Why Is The Election Map Red & Blue? These Political Colors Are A Lot More Recent Than You Might Think — VIDEO

A US consulate staff member marks a US map in Republican and Democrat colours as the results of the US Presidential elections are announced during a US Election Returns party in Mumbai on November 7, 2012. US President Barack Obama swept to re-election Tuesday, making history by overcoming a slow economic recovery and the high unemployment which haunted his first term to beat Republican Mitt Romney. AFP PHOTO/ INDRANIL MUKHERJEE (Photo credit should read INDRANIL MUKHERJEE/AFP/Getty Images)
Source: INDRANIL MUKHERJEE/AFP/Getty Images

Come the evening of Nov. 8, every news outlet in America will broadcast the same map as it is divided into red and blue states. As the votes pour in, these primary colors will slowly reveal our next president  but have you ever stopped to wonder why the election map is red and blue in the first place? Many of us rarely give these color categories a second thought — perhaps assuming that Republicans have always been associated with red, and Democrats have always been blue. In a new video released just before America hits the polls, thoug, the ever-knowledgeable YouTube channel Today I Found Out explains exactly how this primary color dichotomy came about.

While the symbolic colors red and blue have been popular in politics for quite some time, their meaning has varied over the years. As host Daven Hisky explains, in the early part of the 20th century, the colors were actually the opposite of how we think of them as today, with Liberals more likely to be associated with red and Conservatives closely aligned with blue. Hisky points to the periods of 1918 to 1921 and 1947 to 1957 known as the first and second "red scares": During these times, many feared the rise of Communism and the radical left. However, during the Cold War neither party wanted to be associated with Communism in any way, and the color red fell entirely out of favor. In electoral maps made during this time, it is said that each party made the opposing party "red."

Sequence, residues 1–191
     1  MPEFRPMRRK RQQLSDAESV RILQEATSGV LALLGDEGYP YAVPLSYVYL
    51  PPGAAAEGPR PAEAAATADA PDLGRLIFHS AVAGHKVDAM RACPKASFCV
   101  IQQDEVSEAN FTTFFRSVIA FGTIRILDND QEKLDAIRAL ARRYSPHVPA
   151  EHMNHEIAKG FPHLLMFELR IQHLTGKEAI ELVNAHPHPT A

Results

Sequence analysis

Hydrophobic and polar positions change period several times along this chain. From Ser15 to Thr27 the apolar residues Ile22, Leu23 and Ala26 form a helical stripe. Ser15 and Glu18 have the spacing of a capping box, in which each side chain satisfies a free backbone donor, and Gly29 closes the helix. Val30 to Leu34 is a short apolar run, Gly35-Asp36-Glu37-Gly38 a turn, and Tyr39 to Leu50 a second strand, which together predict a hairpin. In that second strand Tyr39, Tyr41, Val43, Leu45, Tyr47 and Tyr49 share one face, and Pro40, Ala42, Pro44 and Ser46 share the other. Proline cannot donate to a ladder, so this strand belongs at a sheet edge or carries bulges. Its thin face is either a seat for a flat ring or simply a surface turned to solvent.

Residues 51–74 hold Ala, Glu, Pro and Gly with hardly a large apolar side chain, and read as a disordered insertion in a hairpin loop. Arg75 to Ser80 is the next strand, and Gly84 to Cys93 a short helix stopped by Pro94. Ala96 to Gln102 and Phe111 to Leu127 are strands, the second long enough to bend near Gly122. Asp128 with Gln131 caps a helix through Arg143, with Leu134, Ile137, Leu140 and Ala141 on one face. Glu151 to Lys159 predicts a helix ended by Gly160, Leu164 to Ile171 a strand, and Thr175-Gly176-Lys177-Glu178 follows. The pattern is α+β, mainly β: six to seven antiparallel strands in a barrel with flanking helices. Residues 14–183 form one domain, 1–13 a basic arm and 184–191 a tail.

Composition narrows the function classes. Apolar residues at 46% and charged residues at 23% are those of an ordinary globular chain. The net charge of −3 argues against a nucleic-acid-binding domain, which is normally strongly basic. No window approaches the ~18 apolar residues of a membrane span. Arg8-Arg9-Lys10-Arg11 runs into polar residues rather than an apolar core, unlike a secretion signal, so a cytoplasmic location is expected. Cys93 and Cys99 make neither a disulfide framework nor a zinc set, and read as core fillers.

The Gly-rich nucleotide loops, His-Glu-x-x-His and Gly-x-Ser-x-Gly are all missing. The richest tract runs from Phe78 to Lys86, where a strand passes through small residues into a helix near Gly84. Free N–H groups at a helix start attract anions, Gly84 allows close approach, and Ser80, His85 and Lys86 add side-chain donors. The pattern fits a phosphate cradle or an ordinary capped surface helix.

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The first time the color red was given to a party by a major media outlet was during the presidential election of 1976. TIME Magazine published a map where the states won by Democratic incumbent Jimmy Carter were colored red, and those won by Republican President Gerald Ford were white. TIME switched the colors again in the following election, making states won by then Democratic President Carter white. This choice was not so much party motivated, Hisky points out. Instead, TIME chose the more vibrant color to symbolize the winner of the election. During the 1980 election season, an NBC broadcast showed an electoral map where states won by Republican Ronald Reagan were blue, and those won by the Democrat were red. NBC maintained these party colors for the next 20 years, though other networks did not follow suit, and there was no official media consensus.

The 2000 election between Republican George W. Bush and Democrat Al Gore cemented the color categories we use today. The country was split evenly between the two candidates in the weeks leading up to the election, and the tense polls dominated the news. NBC chose to use blue to represent states won by Gore and red for those won by Bush, and the rest of the media adopted that form. Hisky notes that this is in opposition to how other countries identify Liberals and Conservatives. (But then again, America has no problem with going against the grain. We don't even use the metric system.) 

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While nobody is certain when the terms "red state" and "blue state" first entered the colloquial vocabulary, rumor has it they were coined by Tim Russert of Meet The Press during an October broadcast in 2000. By the time the heated Supreme Court case was decided, and Bush was finally elected president, the idea of red and blue states were seared into the American public's memory. Today is seen as an error if anyone in the media reverses the colors — though they have only really been "official" for four presidential elections.

Check out the entire video above for the complete history of our red and blue map, and be sure to vote next Tuesday! 

Images: TodayIFoundOut/YouTube, Giphy

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